No 3300-word review this time (the film is good, but it's not Star Trek ;-) ). But I do want to join Dr. Blanchard and Mr. Rosenthal in praising Julie & Julia. Per the title, it is really two films: one great movie (Julia) with a whole 'nother passable movie (Julie) woven into it.
The great movie is the story of Julia Child and her husband Paul. It is blissful filmmaking, with as much joie de vivre as joie de cuisine. We see two rich characters, Julia and Paul, utterly self-assured and utterly in love. Their setbacks and disappointments never become fodder for emotional crises or meltdowns or marital spats... yet we feel their struggles and occasional sadness all the more poignantly in the shared resolve and unflagging commitment to each other with which Julia and Paul face them.
Much has been and should be said about Meryl Streep's incarnation of Julia Child. As much can be said about Stanley Tucci's great performance as Paul Child. Tucci takes a role that could so easily be phoned in—"Meryl's got the big role; no one's paying attention to anything else on screen"—and inhabits the man and the moment as studiously and confidently as his co-star. Paul Child served his country in the OSS in China during World War II, only to face McCarthyite questioning of his patriotism (and his sexuality) and the concomitant decline of his career. In the midst of such setbacks, Tucci shows a man who maintains his sense of self-worth and his unwavering and very open devotion to a wife whose ambitions and expansive character might have overwhelmed a lesser man. In his portrayal of Paul Child, Tucci offers a primer in manhood, not to mention fine acting.
I vote Oscar for Streep... but only on the condition of an Oscar for Tucci.
The passable movie was the story of Julie, the modern girl who finds meaning and her fifteen minutes of fame by cooking and blogging her way through Julia Child's recipes. I found this strand of the film tolerable, even better than some of the reviews I'd read suggested, until director Nora Ephron gave us the little marital spat where Julie's hubby got sick of Julie's self-absorption (not to mention having to wait so long to eat dinner) and went and slept in his office for a whole night. At that moment, their story seemed so... small.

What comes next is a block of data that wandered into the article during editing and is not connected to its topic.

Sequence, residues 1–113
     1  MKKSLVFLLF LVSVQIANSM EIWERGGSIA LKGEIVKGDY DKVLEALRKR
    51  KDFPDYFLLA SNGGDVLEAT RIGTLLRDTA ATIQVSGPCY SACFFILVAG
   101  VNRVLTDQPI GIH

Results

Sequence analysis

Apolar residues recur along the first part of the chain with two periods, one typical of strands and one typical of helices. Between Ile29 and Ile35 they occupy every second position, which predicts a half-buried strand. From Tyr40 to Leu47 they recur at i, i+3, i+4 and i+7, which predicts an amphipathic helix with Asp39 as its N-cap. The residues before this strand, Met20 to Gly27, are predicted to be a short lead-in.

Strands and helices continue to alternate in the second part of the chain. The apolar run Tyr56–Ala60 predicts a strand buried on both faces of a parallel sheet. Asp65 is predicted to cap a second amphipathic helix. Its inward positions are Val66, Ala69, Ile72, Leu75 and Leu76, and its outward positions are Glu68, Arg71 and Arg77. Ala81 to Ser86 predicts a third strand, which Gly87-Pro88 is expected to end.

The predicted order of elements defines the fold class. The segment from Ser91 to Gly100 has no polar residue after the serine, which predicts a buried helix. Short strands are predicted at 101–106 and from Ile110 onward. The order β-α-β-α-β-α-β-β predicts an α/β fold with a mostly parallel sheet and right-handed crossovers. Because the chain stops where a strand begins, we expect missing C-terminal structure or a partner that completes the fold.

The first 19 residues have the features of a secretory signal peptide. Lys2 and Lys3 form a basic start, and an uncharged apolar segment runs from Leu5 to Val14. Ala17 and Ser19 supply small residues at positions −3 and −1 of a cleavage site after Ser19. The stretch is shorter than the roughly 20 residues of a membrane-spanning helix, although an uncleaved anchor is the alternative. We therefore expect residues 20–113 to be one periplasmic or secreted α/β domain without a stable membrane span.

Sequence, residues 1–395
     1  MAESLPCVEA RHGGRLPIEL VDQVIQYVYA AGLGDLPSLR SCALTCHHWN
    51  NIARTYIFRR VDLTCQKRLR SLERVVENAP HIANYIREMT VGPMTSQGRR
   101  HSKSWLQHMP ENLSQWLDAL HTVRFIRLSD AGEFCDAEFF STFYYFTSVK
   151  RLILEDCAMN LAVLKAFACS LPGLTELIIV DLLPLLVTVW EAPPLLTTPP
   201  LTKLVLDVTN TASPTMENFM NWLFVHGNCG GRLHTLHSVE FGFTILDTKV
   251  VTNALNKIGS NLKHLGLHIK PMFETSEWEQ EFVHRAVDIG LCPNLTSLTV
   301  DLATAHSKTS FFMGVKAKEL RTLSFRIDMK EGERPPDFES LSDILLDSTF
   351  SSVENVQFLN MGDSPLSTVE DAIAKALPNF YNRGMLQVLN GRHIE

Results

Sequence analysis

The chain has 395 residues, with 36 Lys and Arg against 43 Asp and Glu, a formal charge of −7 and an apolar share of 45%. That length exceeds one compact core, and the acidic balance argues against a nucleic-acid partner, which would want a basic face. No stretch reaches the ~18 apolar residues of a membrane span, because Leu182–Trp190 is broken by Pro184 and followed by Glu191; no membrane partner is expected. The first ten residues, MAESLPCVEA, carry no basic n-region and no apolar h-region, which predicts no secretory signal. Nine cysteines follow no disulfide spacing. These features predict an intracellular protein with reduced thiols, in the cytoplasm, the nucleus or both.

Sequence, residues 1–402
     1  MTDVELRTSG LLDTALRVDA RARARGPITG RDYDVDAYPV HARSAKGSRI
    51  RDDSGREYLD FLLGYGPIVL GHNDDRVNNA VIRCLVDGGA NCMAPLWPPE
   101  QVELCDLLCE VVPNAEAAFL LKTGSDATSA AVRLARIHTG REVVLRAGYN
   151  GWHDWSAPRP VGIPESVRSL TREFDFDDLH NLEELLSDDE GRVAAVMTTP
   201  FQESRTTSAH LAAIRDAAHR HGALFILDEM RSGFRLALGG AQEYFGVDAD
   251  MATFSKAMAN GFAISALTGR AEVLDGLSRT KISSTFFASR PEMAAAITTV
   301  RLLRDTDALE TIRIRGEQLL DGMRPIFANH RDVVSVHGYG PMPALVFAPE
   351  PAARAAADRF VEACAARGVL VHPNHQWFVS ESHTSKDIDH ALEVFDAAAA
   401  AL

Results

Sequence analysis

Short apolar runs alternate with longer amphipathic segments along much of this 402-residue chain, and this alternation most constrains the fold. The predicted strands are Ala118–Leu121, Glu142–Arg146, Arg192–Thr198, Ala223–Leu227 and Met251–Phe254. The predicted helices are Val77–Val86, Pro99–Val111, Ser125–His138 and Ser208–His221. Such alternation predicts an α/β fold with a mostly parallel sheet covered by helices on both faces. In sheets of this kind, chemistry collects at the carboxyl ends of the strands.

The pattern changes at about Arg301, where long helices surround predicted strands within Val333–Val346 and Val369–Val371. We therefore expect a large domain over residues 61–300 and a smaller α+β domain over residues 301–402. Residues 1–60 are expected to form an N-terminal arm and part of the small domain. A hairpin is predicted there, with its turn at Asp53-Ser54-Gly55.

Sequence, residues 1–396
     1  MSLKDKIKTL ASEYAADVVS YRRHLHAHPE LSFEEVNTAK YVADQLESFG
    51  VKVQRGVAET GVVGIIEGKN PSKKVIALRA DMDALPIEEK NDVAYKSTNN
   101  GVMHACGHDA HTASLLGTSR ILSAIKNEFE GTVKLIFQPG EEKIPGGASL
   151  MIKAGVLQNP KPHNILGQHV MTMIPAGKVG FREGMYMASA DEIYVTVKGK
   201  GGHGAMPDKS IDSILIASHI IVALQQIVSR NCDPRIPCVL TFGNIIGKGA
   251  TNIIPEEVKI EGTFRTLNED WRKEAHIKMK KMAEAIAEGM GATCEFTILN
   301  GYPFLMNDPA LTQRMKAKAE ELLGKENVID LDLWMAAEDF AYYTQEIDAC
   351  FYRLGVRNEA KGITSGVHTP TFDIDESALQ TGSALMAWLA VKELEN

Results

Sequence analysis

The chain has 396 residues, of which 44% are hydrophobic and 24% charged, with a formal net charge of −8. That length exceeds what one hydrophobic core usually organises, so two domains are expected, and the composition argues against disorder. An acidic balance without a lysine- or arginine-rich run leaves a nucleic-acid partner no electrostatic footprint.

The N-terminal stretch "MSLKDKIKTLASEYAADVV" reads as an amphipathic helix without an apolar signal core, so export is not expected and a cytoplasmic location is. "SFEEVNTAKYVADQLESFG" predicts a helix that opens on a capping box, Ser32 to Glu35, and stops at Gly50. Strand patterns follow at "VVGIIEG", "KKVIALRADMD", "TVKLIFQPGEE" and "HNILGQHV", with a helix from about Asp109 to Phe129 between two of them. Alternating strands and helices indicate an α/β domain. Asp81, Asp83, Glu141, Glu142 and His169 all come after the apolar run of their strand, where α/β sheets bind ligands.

The Julie strand can't help but pale next to the Julia strand. Julia and Paul, after successful and adventurous careers in espionage, face down sexism and McCarthyism. Julie's public service job is portrayed as an exercise in powerlessness from which she craves escape. Julia bangs out great bulky book drafts with typewriter and carbon paper and struggles with a lazy co-author, skeptical publishers, and the sheer bulk of recipes she wants to share for eight years before her book hits the public eye. Julia taps out daily thoughts, following the template of a book already written, and hits "Publish" to reach the masses effortlessly. Julia and Paul make Julie and her husband (name already forgotten), Julie's blogging (a "gimmick," says NYT's A.O. Scott), and her emotional journey seem trivial.
(Blogging as trivial exercise in narcissism—should I be nervous? ;-) )
Some reviewers have faulted Ephron for trying to shoehorn these two uneven stories into one film... but maybe that was Ephron's intention. Perhaps she wanted that glaring imbalance to shine through. Perhaps we can read Julie & Julia from a "Greatest Generation" perspective. Maybe our grandparents lived bigger lives. They could be sexy without stripping off their shirts (compare the scene where Paul sweeps Julia away for a postprandial coupling with Julie and hubby trundling through the apartment for sex: no skin in the former, but Julie is obligatorily stripped to impractically skimpy bra and panties for public viewing). We complicate our modern lives with unnecessary internal conflict and whining (Paul never whines) when we could be living and loving on a grander scale.
I could quibble with the title—why on earth does the lesser character get top billing?—but even there, I can see intention by the director to highlight and critique our modern generation's egocentrism.
Julie & Julia is a good, conversation-worthy film, deftly capturing and contrasting two generations of Americans. Don't let the unbalanced strands fool you: paralleling the lives of Julia and Paul Child with the lives of two modern somewhat-counterparts does not degrade the greater story. Consider the Julie story a soft undertone, a counterpoint to the overarching symphony that is Julia's life.
Tangential Addendum 23:02 CDT: At age 85, Judith Jones, the editor at Knopf who gave Julia Child's book its big break and its title, is still editing. Three years ago, she also got into the cattle business. She now raises a herd of 20 cattle near her summer home in Vermont. Her beef is all grass-fed, which has a flavor, she says, she hadn't experienced since her 20s, in Paris. Her stepdaughter and partner in small-scale ranching, Bronwyn Dunne, sees the importance of growing food locally:
“Supporting a local economy is beneficial to everybody,” she said. It also resonates beyond the quaint trendiness of the farmers’ market: “It may be the future of food security in the world” [Christine Muhlke, "Raising Steaks," New York Times, 2009.09.24].